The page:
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We had an interesting scenario and query raised with us last week.

It was an inquiry from an employer whose employee had helped himself to money that was due to him.

Clearly this amounted to both fraud and theft but the query to us was; can we be compensated for our losses from the employee’s retirement savings?

If you are a business owner and wish to be compensated for money or goods an employee of yours has stolen from you by deducting money from his wages, salary or especially his retirement savings; there is a process to be followed and a strict one when you want payment from a retirement fund; which will not do so without due process.

If it is only a small amount involved the employees can consent to deductions form his wages or salary.

If you want to garnish retirement savings a strict protocol should be followed.

Firstly you will need proof of the employee’s guilt and then you need to apply to a court for a compensation order. This is clearly a formal legal process.

It is only when you are in possession of such an order that a retirement fund may deduct what is owed to you from a members benefit.

In a case before the Pension funds Adjudicator, a certain S Ndumiso complained that he had not been paid his withdrawal benefit from the Auto Workers Provident Fund because his former employer Ascension Trading CC trading as Ascension motors had submitted a claim against the benefit with the fund.

According to the adjudicator’s ruling, Ascension Motors terminated Ndumiso’ s employment contract in October 2014 following allegations of theft. The company filed a criminal case against Ndumiso and requested the Auto Workers Provident Fund to withhold his pay-out pending the outcome of the criminal investigation and trial. Ndumiso in due course was convicted of theft and given a suspended three year jail sentence.

In March of the following year Ndumiso applied for his benefit and was told to wait for three months because his former employer had laid a claim against his savings benefit.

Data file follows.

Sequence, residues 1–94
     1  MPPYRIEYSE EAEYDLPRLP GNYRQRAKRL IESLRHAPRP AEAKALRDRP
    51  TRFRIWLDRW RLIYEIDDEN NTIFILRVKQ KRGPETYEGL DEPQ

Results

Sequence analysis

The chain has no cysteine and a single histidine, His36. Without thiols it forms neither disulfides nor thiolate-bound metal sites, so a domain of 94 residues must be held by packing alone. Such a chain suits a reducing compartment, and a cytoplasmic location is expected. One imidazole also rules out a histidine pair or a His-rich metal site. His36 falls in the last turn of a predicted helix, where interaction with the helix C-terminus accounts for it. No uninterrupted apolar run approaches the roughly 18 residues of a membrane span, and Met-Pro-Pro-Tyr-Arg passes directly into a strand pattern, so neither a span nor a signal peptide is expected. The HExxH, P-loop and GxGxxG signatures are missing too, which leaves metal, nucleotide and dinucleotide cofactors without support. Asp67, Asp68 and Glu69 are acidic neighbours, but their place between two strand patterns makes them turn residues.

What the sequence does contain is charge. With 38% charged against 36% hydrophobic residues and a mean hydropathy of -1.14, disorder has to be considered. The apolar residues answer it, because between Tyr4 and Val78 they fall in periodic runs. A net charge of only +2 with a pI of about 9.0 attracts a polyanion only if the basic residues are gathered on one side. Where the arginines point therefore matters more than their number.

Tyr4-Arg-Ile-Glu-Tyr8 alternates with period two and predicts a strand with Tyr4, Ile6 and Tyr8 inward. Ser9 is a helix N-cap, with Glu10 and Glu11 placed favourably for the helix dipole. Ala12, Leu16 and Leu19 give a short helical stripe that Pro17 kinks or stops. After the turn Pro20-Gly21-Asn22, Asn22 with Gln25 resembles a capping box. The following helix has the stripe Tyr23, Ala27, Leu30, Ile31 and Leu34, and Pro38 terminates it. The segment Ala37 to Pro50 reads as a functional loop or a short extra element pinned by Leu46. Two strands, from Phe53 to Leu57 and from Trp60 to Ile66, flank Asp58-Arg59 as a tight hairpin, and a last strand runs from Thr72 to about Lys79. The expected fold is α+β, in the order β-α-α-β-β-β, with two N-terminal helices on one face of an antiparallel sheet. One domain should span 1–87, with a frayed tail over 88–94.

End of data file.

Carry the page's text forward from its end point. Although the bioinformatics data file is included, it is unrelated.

In responding to Ndumiso’s complaint, the Auto Workers Provident Fund told the adjudicator’s office that, in the light of Ndumiso’s guilty verdict and the sentence handed down by the court that it had asked ascension Motors to confirm that it had received a judgment ordering the payment of the R 21300.00 being the amount of it had claimed had been stolen from it by him. Ascension Motors did not submit such an order to the fund and the fund told them that if they failed to produce one within 30 days that it would pay Ndumiso his entire benefit.

In her ruling Muvhango Lukhaimane, the Pension Fund Adjudicator, stated that in terms of the Pension Funds Act, a fund may deduct an amount due by a member to his employer in respect of compensation for “any damage caused to the employer by reasons of ant theft, dishonesty, fraud or misconduct by a member.”  However, she went on to say that there was no evidence that Ascension Motors had followed the correct legal procedure to obtain compensation in terms of the Criminal procedure Act and had not obtained a compensation order from the court at the time of the criminal trial of Ndumiso. She went on to note that “ it is only when an employer is in possession of such an order, deemed to be of itself a civil judgment that a fund may then deduct what is owed to an employer by an employee and pay such amount directly to the employer.

She therefore order that Ndumiso be paid his full withdrawal benefit by the Provident Fund.

Her conclusion is correct in our view.

You would also submit that the obtaining by Ascension Motors of a simultaneous civil judgment at the time of the criminal trial by Ascension motors would have entitled them in terms of that civil judgment to execute against Ndumiso’s benefit up to the amount of the judgment and its costs aspect.

Once again; we must stress that it is always advisable for you to seek prompt, proper and professional legal advice and legal services when dealing with factual and legal issues as we reiterate the law and legal issues can sometimes can be confusing and complicated, especially in its correct interpretation and process and needs a trained experienced and legal mind to interpret it correctly and as accurately as possible in any given circumstances.

If you have experienced difficulties with enforcing your legal rights; contact us at The Legal Advice Office at or send an email to one of our email addresses; either This email address is being protected from spambots. You need JavaScript enabled to view it. or This email address is being protected from spambots. You need JavaScript enabled to view it.

Should you wish to comment on this or any other legal topic; just send us an e-mail; and we will respond within 48 hours; as stated above.

Thank you.

The Legal Advice Office Team.


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Legal Advice Office

South Africa

Kandelaar Street, Vermont, Hermanus
Phone: +27 (0) 82 093 2304